Resolution 058 has been added to the list of grievances against the government which have plunged the country into months of civil unrest.
Resolution 058 is a government initiative to open up the curriculum-setting project for schools throughout the country to members of the community. The resolution calls for a process lasting around four months, during which time parents, teachers, and pretty much every member of a school’s community will be consulted regarding how and what schools will teach. While the government claims that the process will create a more democratic curriculum, critics fear that the resolution will crack open a window through which the government will force political indoctrination into schools.
The risk for political indoctrination through school curricula is not a new phenomenon in Venezuela. According to Maryann Hanson, the Minister of Education, Chavez himself played an important role in the creation of all the books used in schools throughout the country. Back in November of last year, the Minister said:
He [Chavez] looked over the contents [of the books], and set guidelines for the correction of images, of other things, of historical dates (…) so, he is the author of the books. That’s why he appears [in them]. Credit must be given where credit is due, and the credit is his.
They complain that Chavez appears [in the books], they accuse us of worshipping the Supreme Commander and we say: “If he’s the person who has recovered all of the Bolivarian ideals, why wouldn’t we place him there?”
During the same interview, it was brought to the attention of the Minister that Venezuelan education should have “respect for all currents of thought”, as is guaranteed in Article 102 of the Constitution. Speaking specifically to those who say that Chavismo is promoted as a religion, the Minister said:
I am loyal to President Hugo Chavez, and yes, I worship him, so what? Ese es mi problema [Roughly, “That’s not your problem”].
The Minister ended by saying:
This is a revolution, and as the Supreme Commander said: ‘A revolution is cultural and educational, or it’s not a revolution.’
Given some of the content found in Venezuelan school books, fears of political indoctrination through school textbooks are not completely unfounded. According to an examination of school history books conducted by Tulio Ramirez of the Universidad Central de Venezuela, the grade six history textbook examines nine different presidential terms (a period of 41 years) in a total of 20 pages, while Chavez’s presidential term takes up 26 pages.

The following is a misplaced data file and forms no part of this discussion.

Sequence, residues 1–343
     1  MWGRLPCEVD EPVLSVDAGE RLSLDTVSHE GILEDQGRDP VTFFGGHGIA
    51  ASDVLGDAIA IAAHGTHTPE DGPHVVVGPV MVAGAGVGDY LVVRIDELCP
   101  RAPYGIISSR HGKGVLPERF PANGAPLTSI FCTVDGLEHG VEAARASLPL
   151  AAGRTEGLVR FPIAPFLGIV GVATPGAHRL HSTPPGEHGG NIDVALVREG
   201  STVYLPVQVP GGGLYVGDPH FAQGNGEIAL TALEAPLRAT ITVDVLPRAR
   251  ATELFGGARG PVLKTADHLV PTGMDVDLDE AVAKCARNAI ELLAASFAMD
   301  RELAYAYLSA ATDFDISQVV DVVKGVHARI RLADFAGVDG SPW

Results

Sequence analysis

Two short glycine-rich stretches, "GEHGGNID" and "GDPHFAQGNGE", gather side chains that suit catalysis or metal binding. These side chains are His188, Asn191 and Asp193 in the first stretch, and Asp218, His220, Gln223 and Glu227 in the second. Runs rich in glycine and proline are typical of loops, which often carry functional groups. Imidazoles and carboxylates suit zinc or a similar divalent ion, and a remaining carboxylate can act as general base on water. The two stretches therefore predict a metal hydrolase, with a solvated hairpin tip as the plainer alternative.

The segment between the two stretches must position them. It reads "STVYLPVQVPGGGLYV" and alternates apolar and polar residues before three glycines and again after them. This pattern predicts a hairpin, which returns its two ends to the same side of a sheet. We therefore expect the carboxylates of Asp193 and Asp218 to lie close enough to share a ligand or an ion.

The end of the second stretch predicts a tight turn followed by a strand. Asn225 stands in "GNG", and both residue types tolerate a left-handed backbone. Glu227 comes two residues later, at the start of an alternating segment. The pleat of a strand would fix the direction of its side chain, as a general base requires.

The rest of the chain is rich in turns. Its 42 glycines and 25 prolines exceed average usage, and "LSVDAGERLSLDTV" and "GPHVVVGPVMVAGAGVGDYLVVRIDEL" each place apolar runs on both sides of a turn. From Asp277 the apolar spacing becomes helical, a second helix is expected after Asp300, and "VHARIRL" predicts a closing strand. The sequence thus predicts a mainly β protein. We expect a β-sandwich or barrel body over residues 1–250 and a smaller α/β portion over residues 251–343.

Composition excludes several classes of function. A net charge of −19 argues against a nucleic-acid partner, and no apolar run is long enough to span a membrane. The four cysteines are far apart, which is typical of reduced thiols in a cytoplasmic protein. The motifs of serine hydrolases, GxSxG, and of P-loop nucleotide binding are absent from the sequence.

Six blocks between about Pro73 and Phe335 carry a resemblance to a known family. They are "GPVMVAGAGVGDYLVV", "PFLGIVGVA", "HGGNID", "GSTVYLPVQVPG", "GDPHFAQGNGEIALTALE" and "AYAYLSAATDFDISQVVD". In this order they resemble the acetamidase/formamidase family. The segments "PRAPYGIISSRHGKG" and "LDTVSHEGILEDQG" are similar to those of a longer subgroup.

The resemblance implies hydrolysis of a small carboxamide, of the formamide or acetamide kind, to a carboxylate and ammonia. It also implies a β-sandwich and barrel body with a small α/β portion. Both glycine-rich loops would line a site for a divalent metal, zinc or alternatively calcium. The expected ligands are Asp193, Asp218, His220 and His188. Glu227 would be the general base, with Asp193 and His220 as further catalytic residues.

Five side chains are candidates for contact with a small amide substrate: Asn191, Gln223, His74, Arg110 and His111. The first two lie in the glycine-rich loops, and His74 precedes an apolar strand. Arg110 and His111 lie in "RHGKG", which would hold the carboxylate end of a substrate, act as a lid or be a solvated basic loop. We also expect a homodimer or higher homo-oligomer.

Indeed, even a superficial examination of Venezuelan school textbooks reveals a questionable amount of political material. The grade five math textbook includes this description of Venezuela on page 24:
We are the sons and daughters of Bolivar, our army has only left this land to help our brethren nations fight for liberty.
A seemingly innocuous statement, yet undeniably out of place in a grade five math textbook.
Page 29 of the same textbook, in its overview of the state of Miranda, includes this factoid a propos of nothing:
In a city in Miranda called Guarenas, specifically in the Trapichito terminal, a popular rebellion got started on February 27 1989 called “El Caracazo”. On the 27 and 28 of February, people rose up against the neoliberal economic policies of the then president Carlos Andres Perez, who ordered state security forces to massacre the people.
Nevermind the fact that “neoliberalism” is a fairly advanced economic philosophy that is rooted in hundreds of years of political and economic theory the complexity of which can hardly be covered in grade five, or that El Caracazo was itself a complex event, the cause of which can hardly be dismissed by a single word. The fact that this comically out-of-place text finds itself in a grade five mathematics textbook can only point to an ulterior motive for its inclusion: the instilment of the idea that neoliberalism is bad.
Whether or not neoliberalism is bad is, of course, a matter of opinion. One may reach a conclusion on the question by critically examining historical events and scholarly writings on the subject. The goal of education is not to make children “Think as I do”; it is to give them the tools so that when they encounter the complexities of the world, they may come to their own conclusions using critical thought.
It is within the context of an already highly political school curriculum that Resolution 058 appears. Today, the Vice Minister of Education, Soraya El Achkar, said that the new curriculum will not be ready for the school year starting in September, since the consultations created by Resolution 058 will take several months to complete. The consultations called for by Resolutuion 058 will most certainly go ahead some time this year, and the window to inject more politics into school textbooks will once again be opened.
A protest sign against Resolution 058. It reads, “Venezuelan Parents for a Free and Pluralistic Education. NO! To the Plan de la Patria and to indoctrination!”
Venezuelan mothers protesting Resolution 058.
The sign on the left reads “Don’t mess with my grandchildren. ‘No’ to indoctrination”:
The sign reads, “I want my son to be a citizen, not a militia“:
This one reads, “I gave birth to my son, and only I choose what, how, and when he studies. ‘No’ to indoctrination”:
Venezuelan school children: